Defining Your Loved One’s Goals

At what age do you stop setting goals? The answer should be, never. Even as we age we are constantly evolving and knowing what we want is so important to not only how we live but how we keep our health, too.

My grandmother loved to garden, her vegetable gardens were massive. She knew when to plant, what to plant together, and how to keep her soil perfectly PH balanced. On many occasions I’d find her on her knees weeding in the backyard, amid the sunshine and greenery. She loved every minute of it.

I think she also enjoyed the routine of preparation and the accomplishment of her harvest. Working in her garden gave her purpose but also an outlet to socialization – she was a proud member of the garden club and had bragging rights for her garden-fresh zucchini bread and rhubarb pie which earned her first place at the church picnic.

I also remember the year her garden started to fall apart. Her knees bothered her too much to kneel for very long. Her back hurt after long hours of weeding, and one of her medications made her dizzy in the sun causing her to trip over the wheel barrow catching her eye on the corner. My mother thought it was time for her to hang up the gardening hat; we could hire someone to do it for her, it’s too much work. Gram was done gardening.

While Gram healed, she slowly slept a little later in the morning, became slower around the house, and even got pneumonia that winter. Her house started to get a little more dusty. Honestly, she fell out of her routine and she had nothing to look forward to anymore (so she told me later). What’s the point? She was giving in to her age, isn’t that what you’re supposed to as you get older? Accept the inevitable? How often do you hear that from your older loved ones?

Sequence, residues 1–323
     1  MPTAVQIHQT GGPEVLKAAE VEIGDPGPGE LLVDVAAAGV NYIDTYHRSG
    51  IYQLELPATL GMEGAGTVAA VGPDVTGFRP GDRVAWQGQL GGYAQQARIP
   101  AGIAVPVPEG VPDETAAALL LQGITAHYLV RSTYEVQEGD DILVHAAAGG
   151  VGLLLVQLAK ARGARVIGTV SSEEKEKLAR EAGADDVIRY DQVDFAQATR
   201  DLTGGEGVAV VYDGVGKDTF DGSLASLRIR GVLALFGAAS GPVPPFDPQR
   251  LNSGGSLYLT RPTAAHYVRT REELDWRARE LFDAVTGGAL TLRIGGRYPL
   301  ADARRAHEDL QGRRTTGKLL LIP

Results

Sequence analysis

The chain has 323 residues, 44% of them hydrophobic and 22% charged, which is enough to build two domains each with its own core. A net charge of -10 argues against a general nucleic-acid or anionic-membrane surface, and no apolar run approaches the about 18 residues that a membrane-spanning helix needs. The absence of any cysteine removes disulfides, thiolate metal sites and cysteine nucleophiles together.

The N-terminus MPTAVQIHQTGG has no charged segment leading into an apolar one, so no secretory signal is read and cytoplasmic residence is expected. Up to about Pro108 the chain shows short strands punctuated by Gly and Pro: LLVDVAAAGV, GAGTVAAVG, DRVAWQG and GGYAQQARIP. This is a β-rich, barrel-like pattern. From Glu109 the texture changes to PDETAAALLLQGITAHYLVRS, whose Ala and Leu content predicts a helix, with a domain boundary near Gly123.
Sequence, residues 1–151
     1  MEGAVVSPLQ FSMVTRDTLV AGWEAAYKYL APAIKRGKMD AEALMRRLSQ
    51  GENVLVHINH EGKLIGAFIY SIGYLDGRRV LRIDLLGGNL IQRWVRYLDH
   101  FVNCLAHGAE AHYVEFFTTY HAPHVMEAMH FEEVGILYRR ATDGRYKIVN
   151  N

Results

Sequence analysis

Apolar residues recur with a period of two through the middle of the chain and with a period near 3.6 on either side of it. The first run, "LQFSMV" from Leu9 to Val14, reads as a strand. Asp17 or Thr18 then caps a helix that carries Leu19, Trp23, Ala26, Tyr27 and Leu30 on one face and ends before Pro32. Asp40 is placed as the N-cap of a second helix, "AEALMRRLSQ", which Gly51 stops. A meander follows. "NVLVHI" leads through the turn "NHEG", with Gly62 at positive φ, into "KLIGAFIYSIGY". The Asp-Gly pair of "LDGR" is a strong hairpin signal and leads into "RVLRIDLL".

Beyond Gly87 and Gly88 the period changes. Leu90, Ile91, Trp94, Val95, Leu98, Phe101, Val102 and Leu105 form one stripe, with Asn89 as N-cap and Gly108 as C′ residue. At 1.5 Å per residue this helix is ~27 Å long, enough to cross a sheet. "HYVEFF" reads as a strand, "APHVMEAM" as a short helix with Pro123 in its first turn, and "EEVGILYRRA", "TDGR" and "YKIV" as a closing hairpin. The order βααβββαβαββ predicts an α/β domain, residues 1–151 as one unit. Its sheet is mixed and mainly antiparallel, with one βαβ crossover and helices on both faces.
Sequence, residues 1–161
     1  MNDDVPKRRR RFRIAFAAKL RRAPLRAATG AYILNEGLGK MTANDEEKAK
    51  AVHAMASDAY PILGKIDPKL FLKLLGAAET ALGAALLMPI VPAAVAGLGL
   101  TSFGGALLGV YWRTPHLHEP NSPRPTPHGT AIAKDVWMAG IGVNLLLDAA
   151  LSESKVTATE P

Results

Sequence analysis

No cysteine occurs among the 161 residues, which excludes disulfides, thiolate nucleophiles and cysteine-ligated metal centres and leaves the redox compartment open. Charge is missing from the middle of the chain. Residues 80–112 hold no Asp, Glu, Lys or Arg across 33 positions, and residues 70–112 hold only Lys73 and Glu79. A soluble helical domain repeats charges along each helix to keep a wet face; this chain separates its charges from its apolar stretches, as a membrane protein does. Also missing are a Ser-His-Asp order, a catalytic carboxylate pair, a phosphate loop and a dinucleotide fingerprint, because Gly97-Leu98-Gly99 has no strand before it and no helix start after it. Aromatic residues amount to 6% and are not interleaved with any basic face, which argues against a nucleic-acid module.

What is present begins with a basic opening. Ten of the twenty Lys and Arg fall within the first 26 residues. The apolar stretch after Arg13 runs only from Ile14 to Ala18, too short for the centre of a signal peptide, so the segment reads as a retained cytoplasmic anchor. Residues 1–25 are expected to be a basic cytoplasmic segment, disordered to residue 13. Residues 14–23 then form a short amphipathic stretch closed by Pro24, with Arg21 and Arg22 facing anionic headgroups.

What Assistance Do You Need?

A year later, I poured her a cup of coffee and said to my Gram, ‘what are you goals for this year’s garden?’ She looked at me funny…no answer. Instead I said, ‘what do you miss most?’ (Trigger.) She missed her zucchini, tomatoes, and her flowers, the smell of the earth, and watering a newly planted garden. (Great, a starting point.) What got in the way of doing what she loved? The aches, pains, the fall, and because people told her she was getting too old – of all things she listened to, that was the one she held onto.

I had to help my Gram see things in a new light and not give up. Together we wrote down a few realistic and achievable goals. She would start small this year, ease back into it, focusing just on tomatoes and zucchinis. My dad would build her two raised beds so she wouldn’t have to kneel and weeding wasn’t as much of an issue. As the season took hold, I was surprised by what happened. She had more free time because the garden was manageable so she used that to share her gardening wisdom at the local library teaching others how to start a garden. I was so proud of her.

Forbes wrote an article on the importance of goal setting that I think is appropriate for everyone at every age. Goals trigger behavior, they motivate you. Physically setting up goals, writing them down on paper, can make a difference in how you achieve them. Your health challenges or chronic illness shouldn’t get in the way of your success. If you have health issues, write those down too, and find a solution that works to address those and your life goals – even if it means reaching out to senior care experts for guidance.

Losing your purpose isn’t an inevitable part of aging, it’s a choice – we need to help seniors see there’s a way to age differently. That made a big difference for my Gram.

Not every senior’s goal is gardening but it might be something else – keeping their home clean, being able to shower on their own, gaining strength so they can mow their lawn, get to bridge club, or even have enough energy to get dressed and meet friends for lunch.

The point is this – you have to have purpose. Defining your goals give you purpose. Without them, we start to avoid, retract, sit back and watch life pass us by, and inevitably that speeds up the aging process.

But we also need to be honest with ourselves or our aging loved ones – sometimes seniors need assistance with activities of daily living and sometimes you need help helping them with those things. That’s okay; it’s all in how we shift the conversation from needing ‘help’ to defining goals. You’ll be amazed at how getting the right support can open up the door to living and aging exactly how you and your loved one want.

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